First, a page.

On February 18, 2016, President Obama signed into law the North Korea Sanctions and Policy Enhancement Act of 2016. This measure significantly expands the existing North Korean sanctions program in response to North Korea’s recent nuclear weapons test and rocket launch. This legislation also imposes secondary sanctions, which target third country companies that do business with North Korea. The aim of secondary sanctions is to cut off North Korea from international commerce, and they will largely affect China as the main trading partner of North Korea. Such secondary sanctions are a significant step and were very effective in placing pressure on the Iranian economy in recent years. This legislation will not directly affect U.S. companies significantly, as they are already largely prohibited from doing business with North Korea.

We have summarized below the main economic sanctions provisions of the legislation, as well as key takeaways for U.S. and non-U.S. companies.

The law makes mandatory certain sanctions that are currently discretionary, including against persons found to have:

  • Supported (including training, advice, and significant financial transactions in support of) North Korea’s ballistic missile and nuclear programs.
  • Sold or exported industrial commodities such as coal or steel to North Korea, or facilitated such activities.
  • Engaged in cyberattacks against U.S. entities.
  • Imported luxury goods into North Korea.
  • Enabled censorship efforts or continuing human rights abuses.
  • Engaged in money laundering or narcotics trafficking.

Sanctions under these provisions could include asset blocking, denial of licenses, penalties under IEEPA, forfeiture of property, denial of government contracts, and visa denials to designated persons and corporate officers or principal shareholders of designated persons. In addition, the legislation includes the following provisions:

  • Restricts access to the U.S. financial system for entities found to be aiding North Korea.
  • Requires enhanced inspections of ships and aircraft arriving from ports and airports that fail to meet their international obligation to inspect North Korean cargo carefully.
  • Requires the President to investigate sanctionable conduct involving North Korea upon the receipt of credible information that a person or entity has engaged in such activity, including the proliferation of weapons of mass destruction, arms-related materials, luxury goods and counterfeit goods.
  • Requires the Treasury Department to determine whether North Korea is a "primary money laundering concern." If such a determination is made, the Treasury must block North Korean banks from direct or indirect access to the U.S. financial system, and impose "special measures" against designated persons, North Korean government entities and banks that provide financial services to entities found to have engaged in sanctionable conduct.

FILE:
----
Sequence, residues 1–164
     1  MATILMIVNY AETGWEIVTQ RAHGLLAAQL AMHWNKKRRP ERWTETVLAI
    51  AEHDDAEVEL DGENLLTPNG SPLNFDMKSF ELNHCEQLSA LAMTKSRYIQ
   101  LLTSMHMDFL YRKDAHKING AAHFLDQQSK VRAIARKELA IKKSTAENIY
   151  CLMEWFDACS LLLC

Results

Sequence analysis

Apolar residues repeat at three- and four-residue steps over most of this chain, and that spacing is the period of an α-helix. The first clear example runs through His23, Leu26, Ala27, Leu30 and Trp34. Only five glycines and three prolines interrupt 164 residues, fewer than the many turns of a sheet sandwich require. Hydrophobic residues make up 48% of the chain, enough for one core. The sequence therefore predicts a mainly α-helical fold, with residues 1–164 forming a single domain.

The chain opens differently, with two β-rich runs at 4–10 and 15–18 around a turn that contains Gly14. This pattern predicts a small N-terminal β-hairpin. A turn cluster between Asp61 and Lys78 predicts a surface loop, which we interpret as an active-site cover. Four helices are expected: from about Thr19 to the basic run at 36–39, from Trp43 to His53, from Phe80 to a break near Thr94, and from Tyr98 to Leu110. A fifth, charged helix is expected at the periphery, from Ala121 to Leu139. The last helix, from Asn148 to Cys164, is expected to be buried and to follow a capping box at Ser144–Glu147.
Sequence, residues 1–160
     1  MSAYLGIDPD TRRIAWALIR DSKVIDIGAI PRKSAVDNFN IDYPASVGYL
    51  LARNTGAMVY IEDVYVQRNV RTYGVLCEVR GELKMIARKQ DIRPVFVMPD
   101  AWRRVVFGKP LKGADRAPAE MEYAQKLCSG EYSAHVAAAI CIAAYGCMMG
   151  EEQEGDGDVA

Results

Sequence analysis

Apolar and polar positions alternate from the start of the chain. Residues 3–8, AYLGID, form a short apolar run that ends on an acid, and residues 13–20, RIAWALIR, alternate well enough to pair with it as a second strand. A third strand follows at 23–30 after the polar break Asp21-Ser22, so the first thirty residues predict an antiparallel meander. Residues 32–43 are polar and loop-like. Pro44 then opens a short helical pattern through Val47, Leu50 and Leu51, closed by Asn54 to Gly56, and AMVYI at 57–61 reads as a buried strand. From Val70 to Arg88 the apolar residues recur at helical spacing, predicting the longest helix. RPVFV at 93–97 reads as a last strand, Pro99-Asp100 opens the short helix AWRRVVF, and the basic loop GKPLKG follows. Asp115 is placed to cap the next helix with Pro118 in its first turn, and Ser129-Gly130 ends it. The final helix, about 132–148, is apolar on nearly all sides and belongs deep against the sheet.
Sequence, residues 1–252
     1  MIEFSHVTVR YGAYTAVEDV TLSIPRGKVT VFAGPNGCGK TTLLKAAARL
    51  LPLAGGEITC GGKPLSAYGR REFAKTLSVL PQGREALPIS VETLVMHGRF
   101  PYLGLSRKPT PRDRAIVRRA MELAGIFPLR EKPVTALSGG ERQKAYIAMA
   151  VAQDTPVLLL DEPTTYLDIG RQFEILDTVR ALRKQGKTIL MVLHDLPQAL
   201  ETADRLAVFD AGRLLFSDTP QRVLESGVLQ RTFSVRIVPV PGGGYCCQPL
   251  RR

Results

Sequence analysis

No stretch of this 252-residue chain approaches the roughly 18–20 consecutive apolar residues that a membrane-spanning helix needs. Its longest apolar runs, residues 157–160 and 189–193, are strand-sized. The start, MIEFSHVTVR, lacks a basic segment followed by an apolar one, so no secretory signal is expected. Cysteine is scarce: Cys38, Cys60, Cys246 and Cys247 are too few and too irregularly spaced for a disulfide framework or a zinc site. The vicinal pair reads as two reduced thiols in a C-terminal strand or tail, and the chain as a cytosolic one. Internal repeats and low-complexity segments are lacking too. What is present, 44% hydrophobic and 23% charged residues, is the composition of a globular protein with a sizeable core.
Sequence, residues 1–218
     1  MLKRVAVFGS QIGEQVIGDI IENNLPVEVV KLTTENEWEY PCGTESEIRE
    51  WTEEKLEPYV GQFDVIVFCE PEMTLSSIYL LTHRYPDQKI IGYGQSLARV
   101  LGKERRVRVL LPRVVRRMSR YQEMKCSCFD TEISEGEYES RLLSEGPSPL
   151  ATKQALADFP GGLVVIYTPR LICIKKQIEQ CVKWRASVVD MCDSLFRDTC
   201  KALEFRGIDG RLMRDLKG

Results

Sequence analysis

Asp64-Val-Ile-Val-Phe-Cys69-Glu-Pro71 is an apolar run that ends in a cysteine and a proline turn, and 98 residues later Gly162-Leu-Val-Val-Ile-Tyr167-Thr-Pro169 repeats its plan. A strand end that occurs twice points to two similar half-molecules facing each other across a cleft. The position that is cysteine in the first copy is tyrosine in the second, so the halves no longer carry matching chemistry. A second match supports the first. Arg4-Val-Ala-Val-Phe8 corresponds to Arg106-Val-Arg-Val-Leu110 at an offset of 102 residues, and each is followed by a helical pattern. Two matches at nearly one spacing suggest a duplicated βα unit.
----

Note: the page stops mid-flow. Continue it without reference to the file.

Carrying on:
The law allows a temporary suspension of sanctions if Korea takes significant steps toward disarmament and reform. The sanctions may be terminated only if North Korea is determined to have undergone a fundamental change of governance toward an open, free and peaceful society.

Key Takeaways

This sanctions legislation was passed in both houses of Congress with bipartisan support, reflecting a growing frustration with the provocative conduct of North Korea and its leaders. President Obama also signed the bill even though it makes certain sanctions mandatory, which limits the President’s discretion in matters of foreign affairs.

The continued use of secondary sanctions (after recent use against Iran and Russia) also indicates Congress’s view that existing sanctions against North Korea have not been sufficient. Since China is North Korea’s main trading partner, the effect of this law will likely be felt mostly by Chinese companies that do business with North Korea. U.S. companies are already largely prohibited from doing business with North Korea. The goal of secondary sanctions is to force Chinese companies to decide between dealing with North Korea and maintaining access to U.S. banks and U.S. business. Congress and the Obama Administration apparently believe that China, despite any protests, will comply with these new U.S. sanctions and pull out of North Korea, just as many companies pulled out of Iran in recent years. However, it remains to be seen how China will comply, and if they do not, how and when the Administration will impose secondary sanctions on Chinese companies.